Fizz spent the weekend at the movies.

Earlier this year, we asked the mayoral candidates to pick their favorite political films and Northwest Film Forum agreed to screen them all in a summer series that NWFF program director Adam Sekuler dubbed Mayoral Movies.

At each screening, after the candidates introduced and explained their picks, Josh did a Q&A about the film's connection to local politics.

He had to stretch it some, like when he asked city council member Bruce Harrell how Papillon, a strange two-and-a-half-hour '70s prison break movie about solitary confinement, sanity, and friendship (Harrell stressed the friendship part) starring Dustin Hoffman and Steve McQueen, could shed any light on Harrell's contrarian position that Mayor Mike McGinn didn't go far enough in standing up to the Department of Justice's consent decree over the SPD. (Most people say McGinn undermined the effort by being too resistant.) Harrell said forcing more litigation between the DOJ and SPD would have led to a more collaborative process.

Speaking of friendship, we also asked Harrell how he felt about his City Council colleague Tim Burgess endorsing state Sen. Ed Murray (surely Dustin Hoffman would not have done the same to Steve McQueen in Harrell's favorite prison buddy movie, which he said he watched repeatedly in high school with his pals).

Harrell said Burgess told him that he really really wanted to get McGinn out of office—and seeing the establishment coalesce around Murray made Burgess think Murray had the best shot. Harrell said he didn't take it personally, adding that in politics you find out you have "a lot more acquaintances than friends."

Of course, the key question for Harrell was if he felt like being a city council member was like being in prison.

Mayor McGinn picked To Kill a Mockingbird, translating the film's story of standing up for what's right in the face of a hostile conventional wisdom into a lesson about fighting against "car culture," alluding to his battle against the downtown tunnel.

"I'll get in trouble for going here," he joked, as his wife, also goofing, called out for Josh to give him the hook.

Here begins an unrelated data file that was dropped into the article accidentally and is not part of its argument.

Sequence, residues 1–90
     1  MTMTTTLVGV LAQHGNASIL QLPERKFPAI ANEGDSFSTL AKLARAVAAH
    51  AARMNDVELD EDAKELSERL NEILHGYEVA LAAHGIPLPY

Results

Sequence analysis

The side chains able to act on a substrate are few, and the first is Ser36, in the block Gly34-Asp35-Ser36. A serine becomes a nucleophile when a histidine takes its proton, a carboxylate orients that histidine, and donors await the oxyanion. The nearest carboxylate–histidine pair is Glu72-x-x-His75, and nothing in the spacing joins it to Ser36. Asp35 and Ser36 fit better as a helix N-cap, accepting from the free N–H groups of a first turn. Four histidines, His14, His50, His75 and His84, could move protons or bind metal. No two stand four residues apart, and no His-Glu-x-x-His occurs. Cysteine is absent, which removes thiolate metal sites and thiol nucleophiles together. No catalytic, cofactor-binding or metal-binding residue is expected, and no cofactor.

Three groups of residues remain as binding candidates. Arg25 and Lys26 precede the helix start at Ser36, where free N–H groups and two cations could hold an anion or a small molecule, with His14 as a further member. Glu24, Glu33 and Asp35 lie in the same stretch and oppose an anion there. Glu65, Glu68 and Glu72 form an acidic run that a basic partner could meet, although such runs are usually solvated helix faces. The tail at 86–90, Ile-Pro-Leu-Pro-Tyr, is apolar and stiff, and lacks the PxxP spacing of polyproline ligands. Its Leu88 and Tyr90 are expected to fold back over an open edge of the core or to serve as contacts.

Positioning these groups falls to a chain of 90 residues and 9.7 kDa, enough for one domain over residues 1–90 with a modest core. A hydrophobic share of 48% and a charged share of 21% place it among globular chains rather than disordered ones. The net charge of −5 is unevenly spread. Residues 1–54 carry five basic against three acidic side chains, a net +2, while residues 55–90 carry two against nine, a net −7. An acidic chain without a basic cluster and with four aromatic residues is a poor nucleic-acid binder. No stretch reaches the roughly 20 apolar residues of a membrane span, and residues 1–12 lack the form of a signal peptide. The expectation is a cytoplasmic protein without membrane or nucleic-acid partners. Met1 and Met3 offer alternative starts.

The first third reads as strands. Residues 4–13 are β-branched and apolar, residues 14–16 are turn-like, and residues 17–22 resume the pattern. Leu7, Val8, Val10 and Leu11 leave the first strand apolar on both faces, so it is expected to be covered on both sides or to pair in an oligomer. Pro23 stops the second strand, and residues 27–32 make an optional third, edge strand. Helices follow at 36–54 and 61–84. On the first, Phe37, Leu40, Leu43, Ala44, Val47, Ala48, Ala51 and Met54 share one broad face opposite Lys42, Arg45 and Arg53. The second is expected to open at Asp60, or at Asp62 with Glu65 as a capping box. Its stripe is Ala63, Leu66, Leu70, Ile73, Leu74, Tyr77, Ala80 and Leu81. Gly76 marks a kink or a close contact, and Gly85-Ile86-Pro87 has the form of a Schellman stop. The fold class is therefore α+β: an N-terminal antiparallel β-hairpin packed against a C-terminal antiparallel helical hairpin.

Murray picked The Wind that Shakes the Barley, a movie about destructive and tragic infighting during Irish resistance to British control, saying he was frustrated with Seattle liberals fighting Seattle liberals— rather than being united around common progressive goals such as police accountability and transportation.

Asked to respond to McGinn's criticism that his penchant for compromise only leads to collaborating on building more roads, Murray said he's the only one in the race who's actually secured dollars for transit while McGinn has only laid out plans.

Kate Martin picked the Watergate thriller, All the President's Men, but somehow ended up criticizing the Families and Education Levy.  She said it was too broad without deep funding to make any specific project more successful. We're not exactly sure how the discussion landed on the families and ed levy (her suggestion was to locate health centers off-campus), but she did use the movie's focus on the media to launch into a critique of local media for ignoring her campaign.

The final show of the series is tonight at 8 pm. Former City Council member Peter Steinbrueck will explain why he picked Buddy, the Rise and Fall of America's Most Notorious Mayor.

We simply can't imagine what Steinbrueck will say a movie about a controversial mayor has to do with Seattle.

Footnote: For kicks, we also asked this year's most notorioius local politician—state Sen. Rodney Tom (D-48, Medina)—what his favorite political movie was.

Answer: Gandhi.

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